She was confused about the hate she received during her campaign for office. It then inspired her single, Wash Your Soul.

“When you put it in a music form, people kind of understand it better,” she said. “This is what I experienced on a day-to-day, this is what my friend experiences on a day-to-day [basis].”

“And it’s really a message for us. Wash Your Soul is for us because we experience all these things [everyday]. But how often do we really look inside of ourselves, and do the work within ourselves to be better?” she asked. “How do we do the work within ourselves, and wash our own souls, and wash [off] what everyone puts on us? Because it’s not ours to carry,”

“We have to learn how to also heal from negativity. Because if we’re never healing, we’re just carrying anger and we’re carrying all this sadness, and we’re carrying all these experiences of our ancestors,” George explained.

Though George didn’t win the election, she knew many were impacted by the things that she said and did when running for office, from the marches, to the sit-ins.



Felisha George Picture by Jamila Muschette

Picture by Jamila Muschette

As Felisha George aims to heal through music, she also hopes that her music could be a celebration.

“I feel my music isn’t for me,” George said. “It’s for the listeners, it’s for the audience, it’s for whoever needs to listen to it. I wanted it to help you heal. I wanted you to see yourself in the album.”

“I want people to celebrate themselves — that’s EXACTLY what it is!” George exclaimed.

A unique celebration of diversity indeed, as George mentioned that she is a queer Black woman.

Though she doesn’t think there are many challenges for her and never received backlash, she said it is mainly because, “I feel I appear as a straight Black woman.”

“Now that I’m realizing that, it’s also something that I want to speak more about,” George said as she realized that some are not as
fortunate as her.

George maintains a low profile about her love life, even during  Rhythm and Flow. George felt that it was none of their business, as she quoted, “When you’re on shows like that, they ask you a lot of questions to see what your story is,” like “What are we gonna market her towards?”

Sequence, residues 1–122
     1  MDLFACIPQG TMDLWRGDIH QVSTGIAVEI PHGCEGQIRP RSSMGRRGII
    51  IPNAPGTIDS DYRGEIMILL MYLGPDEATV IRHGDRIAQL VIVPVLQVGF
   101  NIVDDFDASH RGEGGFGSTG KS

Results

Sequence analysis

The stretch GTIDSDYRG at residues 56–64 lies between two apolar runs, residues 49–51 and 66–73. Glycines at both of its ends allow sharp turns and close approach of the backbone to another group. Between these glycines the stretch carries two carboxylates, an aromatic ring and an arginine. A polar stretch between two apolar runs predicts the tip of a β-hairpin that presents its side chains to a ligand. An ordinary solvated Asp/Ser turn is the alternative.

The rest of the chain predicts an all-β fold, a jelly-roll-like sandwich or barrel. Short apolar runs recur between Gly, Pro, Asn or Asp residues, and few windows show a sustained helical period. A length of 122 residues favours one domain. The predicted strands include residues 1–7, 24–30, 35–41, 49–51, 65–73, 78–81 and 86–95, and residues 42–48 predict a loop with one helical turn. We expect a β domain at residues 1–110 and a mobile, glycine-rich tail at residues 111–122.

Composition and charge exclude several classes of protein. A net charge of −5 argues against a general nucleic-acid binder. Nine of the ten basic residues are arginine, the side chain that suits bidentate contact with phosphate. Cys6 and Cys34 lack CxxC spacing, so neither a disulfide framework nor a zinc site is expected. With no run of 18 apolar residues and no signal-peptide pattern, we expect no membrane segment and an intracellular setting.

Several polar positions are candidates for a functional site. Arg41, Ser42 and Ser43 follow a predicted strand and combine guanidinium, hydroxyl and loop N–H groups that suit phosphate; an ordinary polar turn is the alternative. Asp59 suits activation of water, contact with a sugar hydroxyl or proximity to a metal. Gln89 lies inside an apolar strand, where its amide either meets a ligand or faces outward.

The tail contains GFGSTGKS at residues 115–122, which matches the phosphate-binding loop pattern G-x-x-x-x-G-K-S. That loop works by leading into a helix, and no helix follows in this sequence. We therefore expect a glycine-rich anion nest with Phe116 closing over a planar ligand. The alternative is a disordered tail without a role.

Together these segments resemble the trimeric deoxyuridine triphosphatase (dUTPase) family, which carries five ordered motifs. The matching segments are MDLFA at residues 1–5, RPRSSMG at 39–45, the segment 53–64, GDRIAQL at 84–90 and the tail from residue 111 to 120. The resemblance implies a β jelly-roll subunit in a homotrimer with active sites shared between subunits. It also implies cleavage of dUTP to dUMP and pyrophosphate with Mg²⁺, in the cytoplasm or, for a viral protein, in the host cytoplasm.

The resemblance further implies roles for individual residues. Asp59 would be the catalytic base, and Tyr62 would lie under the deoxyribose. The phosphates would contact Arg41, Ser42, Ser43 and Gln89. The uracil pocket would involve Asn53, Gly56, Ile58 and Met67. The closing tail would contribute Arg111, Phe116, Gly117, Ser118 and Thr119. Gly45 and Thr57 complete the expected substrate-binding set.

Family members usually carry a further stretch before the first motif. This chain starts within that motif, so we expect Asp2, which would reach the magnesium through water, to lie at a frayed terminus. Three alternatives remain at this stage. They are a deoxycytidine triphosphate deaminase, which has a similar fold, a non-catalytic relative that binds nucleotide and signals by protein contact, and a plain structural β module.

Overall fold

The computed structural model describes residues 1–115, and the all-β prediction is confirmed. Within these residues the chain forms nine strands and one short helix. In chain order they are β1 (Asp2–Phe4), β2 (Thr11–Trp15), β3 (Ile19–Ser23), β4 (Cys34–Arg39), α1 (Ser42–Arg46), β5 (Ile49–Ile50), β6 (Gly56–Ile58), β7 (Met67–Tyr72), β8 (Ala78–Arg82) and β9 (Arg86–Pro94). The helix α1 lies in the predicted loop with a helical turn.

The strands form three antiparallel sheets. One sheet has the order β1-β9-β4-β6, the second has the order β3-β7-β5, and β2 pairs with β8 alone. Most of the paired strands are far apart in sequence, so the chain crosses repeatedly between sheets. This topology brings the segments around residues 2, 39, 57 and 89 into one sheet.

“I just didn’t want my sexuality to be that thing. I didn’t want that to be what they’re holding and running on because also in those spaces you’ll never really know how  they’ll  spin it,” George said.

Outside of show business, “everyone who knows me knows that I’m a queer Black woman,” said George. “I love that I’m a queer Black woman. I love my queer community. I love how we come together and support each other.”

BALANCEFor George at least, “I’d say it’s been really a great experience. I definitely haven’t had a super bad experience just because I’m ‘passing’ as a straight woman.”

As a matter of fact, George dedicated her single, Moonlight, to her partner.

“She’s also a dancer. Whenever I perform it live, she dances with me,” George added. “The whole song is just inspired by her. I talk about dance in that song because she’s a dancer. And just how she’s helped me to love myself more.”



Picture by Jamila Muschette


When  asked  about  her  future  projects,  the  first  thing George  mentioned  was  her  new  single, released this August,  with Noriko Shakti,  a music  producer  from Japan,  and  Lady Skavya, a  musician  from  India.

“The song is absolutely amazing. It’s gonna be a beautiful release,” George disclosed.

George’s upcoming projects do not end there as she described, “people are going to be receiving a lot of fun things, a lot of visuals.”

“We just shot a video to Sweetest Treat and to Wash Your Soul — which is going to be an underwater video, so I’ll give you that,” she hinted.

As to what the future holds, she wished to perform and collaborate internationally as she spreads joy with her music. “I just wanna fly, I just wanna spread my wings, in ways that I wish,” George said.

As we wrapped up the interview, Felisha George described a message to people around the world, especially to Black Americans, “We have to heal. It’s important for us to heal, whether we see ourselves as hurt or not. Or having experienced an awful life or great life. It’s still our job to heal — to do the healing work,” Felisha George said.


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Emerald contributor since July 2020
Journalist and contributor for Emerald; covering the social, cultural, political and medical side of cannabis and other (mostly sensitive) issues. For any collaborations or tips, email me at [laura@emeraldmg.com].